Why Celebrate Black History Month?

By Bakari Akil II

Many complain, criticize and ponder on the necessity of Black History Month (BHM) and even question its effectiveness. At times, I have been guilty of these unfair assessments and have often witnessed or read about others making comments such as:

It's too commercialized!

It's Negro Employment Month!

Here we go again with the same old faces and same old names; and

It is just a month long feel-good session with no tangible results!

The combinations and variations of the above can be recited ad nauseam and have already begun to circulate as February approaches. However, as each year passes, it has become apparent that the existence of Black History Month is not the issue. It is our approach to it.

Not only has the majority of the Black populace, for which it was created, not taken an active role in its promotion, we have not taken an active role in its development either. For the most part, individuals who cite the previously mentioned criticisms do so in jest and to point out some absurdities in the society of which we find ourselves a part. Yet, others are 'dead serious' about this type of analysis, which is fine, if there is some type of fruitful action that follows.

Black History Month, which used to be Negro History Week and owes it origins to the prolific writer and educator Dr. Carter G. Woodson, has enormous potential if Black communities will recognize the possibilities. We must realize that there is no other time where this much concentrated effort and energy is placed on highlighting Black achievement. We must take advantage of it and in fact, must squeeze every ounce of usefulness out of this time that we have available.


If we allow our only representations for Black History Month to be limited to commercial TV, radio spots or apathetic school systems, then what should we expect? If Black communities allow its' legacies to be trivialized, then whose fault is it really?

Black history being acknowledged by McDonald's or school systems where only 'safe' historical icons are glorified is not the problem. It's always pleasant, albeit boring, to hear about those who have achieved greatness, even if it's the 100th time I've heard about Garrett A. Morgan and his version of the traffic light, or Jan Matzeliger and his shoe lasting machine. Yet, the onus is not on McDonald's or any other corporate entity to provide meaningful content about the Black community along with your hamburger and fries. It is the responsibility of individual citizens to make Black History Month something of value and worthwhile to themselves and others.

What should we do?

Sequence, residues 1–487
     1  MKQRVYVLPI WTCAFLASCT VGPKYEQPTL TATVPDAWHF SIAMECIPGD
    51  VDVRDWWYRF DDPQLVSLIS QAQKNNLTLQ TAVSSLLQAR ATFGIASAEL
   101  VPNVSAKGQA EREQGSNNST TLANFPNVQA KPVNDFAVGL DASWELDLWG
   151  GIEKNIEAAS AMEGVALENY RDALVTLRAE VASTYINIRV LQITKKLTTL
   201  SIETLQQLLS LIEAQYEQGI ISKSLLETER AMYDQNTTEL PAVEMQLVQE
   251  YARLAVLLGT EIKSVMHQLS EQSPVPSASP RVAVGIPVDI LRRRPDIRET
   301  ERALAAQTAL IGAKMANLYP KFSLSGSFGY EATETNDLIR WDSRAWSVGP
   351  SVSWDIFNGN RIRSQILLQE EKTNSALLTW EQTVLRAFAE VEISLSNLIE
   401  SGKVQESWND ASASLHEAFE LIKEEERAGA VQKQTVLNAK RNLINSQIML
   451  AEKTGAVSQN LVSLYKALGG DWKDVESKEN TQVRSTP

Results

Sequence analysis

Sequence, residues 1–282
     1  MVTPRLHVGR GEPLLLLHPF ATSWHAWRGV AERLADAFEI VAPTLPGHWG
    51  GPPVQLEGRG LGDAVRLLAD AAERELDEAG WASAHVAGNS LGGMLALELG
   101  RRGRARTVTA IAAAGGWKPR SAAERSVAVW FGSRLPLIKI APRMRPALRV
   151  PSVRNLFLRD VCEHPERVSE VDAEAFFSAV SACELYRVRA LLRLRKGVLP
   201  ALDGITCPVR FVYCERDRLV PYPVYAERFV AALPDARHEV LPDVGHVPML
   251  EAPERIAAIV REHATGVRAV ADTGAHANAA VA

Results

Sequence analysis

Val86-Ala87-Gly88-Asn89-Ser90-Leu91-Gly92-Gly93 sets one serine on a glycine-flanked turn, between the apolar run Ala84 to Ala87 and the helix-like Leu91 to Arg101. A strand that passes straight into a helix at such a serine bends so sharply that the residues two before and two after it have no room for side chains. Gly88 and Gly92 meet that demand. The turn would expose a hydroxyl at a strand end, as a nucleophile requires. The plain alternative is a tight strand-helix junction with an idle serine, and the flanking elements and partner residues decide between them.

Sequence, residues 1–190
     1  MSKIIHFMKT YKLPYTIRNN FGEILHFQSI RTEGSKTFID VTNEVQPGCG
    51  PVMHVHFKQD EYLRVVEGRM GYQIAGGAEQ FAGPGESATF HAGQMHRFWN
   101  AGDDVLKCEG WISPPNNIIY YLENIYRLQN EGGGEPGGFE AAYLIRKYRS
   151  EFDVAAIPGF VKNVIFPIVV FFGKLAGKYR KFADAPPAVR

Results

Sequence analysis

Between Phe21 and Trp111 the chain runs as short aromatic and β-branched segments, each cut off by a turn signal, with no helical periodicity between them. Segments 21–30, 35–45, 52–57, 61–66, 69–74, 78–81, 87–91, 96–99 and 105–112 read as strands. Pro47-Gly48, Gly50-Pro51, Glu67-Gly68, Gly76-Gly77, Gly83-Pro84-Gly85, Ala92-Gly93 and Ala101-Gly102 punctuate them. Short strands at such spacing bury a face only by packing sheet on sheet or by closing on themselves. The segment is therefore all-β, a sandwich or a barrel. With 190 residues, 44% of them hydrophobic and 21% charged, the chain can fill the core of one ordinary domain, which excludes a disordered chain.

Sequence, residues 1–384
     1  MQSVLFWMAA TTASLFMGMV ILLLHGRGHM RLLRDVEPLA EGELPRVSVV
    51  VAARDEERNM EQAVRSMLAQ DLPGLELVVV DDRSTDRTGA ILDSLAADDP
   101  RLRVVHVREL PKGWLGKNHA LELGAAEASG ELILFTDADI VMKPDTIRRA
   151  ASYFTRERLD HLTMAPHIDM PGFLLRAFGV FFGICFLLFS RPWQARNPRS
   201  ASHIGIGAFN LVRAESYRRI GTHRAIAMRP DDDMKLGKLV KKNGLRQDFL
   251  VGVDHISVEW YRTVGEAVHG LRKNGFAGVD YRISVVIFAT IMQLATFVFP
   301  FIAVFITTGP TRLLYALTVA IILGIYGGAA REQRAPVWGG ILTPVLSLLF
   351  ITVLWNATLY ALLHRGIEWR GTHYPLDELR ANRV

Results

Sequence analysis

We can take responsibility in numerous ways. One of the easiest ways to do so is by attending ceremonies, presentations, speeches, galas, etc, that highlight Black culture and history. By doing this it demonstrates that we are not only concerned about our history, but are proud of our forbearers' successes as well as struggles. What may be even better than our attendance may be our actual participation in these events and adding our own personal talents.

Yet, this is only a miniscule portion of the possible actions that we can take to make BHM an experience that we can not only look forward too, but that can quell even the most stubborn naysayers. One thing we can do is engage those with whom we are close throughout this month on issues pertaining to Black culture and history, challenging them and ourselves to probe deeper and to understand why our heritages are so important.

Gathering a deeper understanding of the history of Black businesses in the US and further demonstrating that understanding of its importance by conducting business with one is another alternative. Acknowledging the role that economics has played in our overall development, either in making Black communities independent or more dependent is an area, in which, we should all focus.

Quickly, what else can we do to make BHM exceptional? How about:

Learn about historical figures and share that knowledge with others.

Hold family discussions and read Black history to children.

Rent, buy or watch Black historical documentaries or movies.

Make trips to Black owned bookstores (if available) and purchase books, audiotapes and other Black history paraphernalia.

Wear Black history on your 'sleeve' by wearing cultural items or clothing.

Gain a deeper appreciation of Black music of different genres and eras.

Reach out to youth in your circle of influence or in your community.

Use creativity to make your community understand how important BHM is; and

For those who already active, become even more active!

In the final analysis, Black History Month is what we make it. The criticisms leveled at this period of time are really criticisms that we are leveling at ourselves. Could it be that WE are actually mediocre, playing it safe, not going deep enough and are shallow in our examination and our aspirations? Society is often a reflection of the individuals who make up that society. So if Black History Month and our society's celebration of it is inconsequential, then what does that say about us?

I don't know about you, but I'm going to "get my Black History Month on" starting February 1st, 2004!

Bakari Akil is an editor for GlobalBlackNews.com and can be reached at

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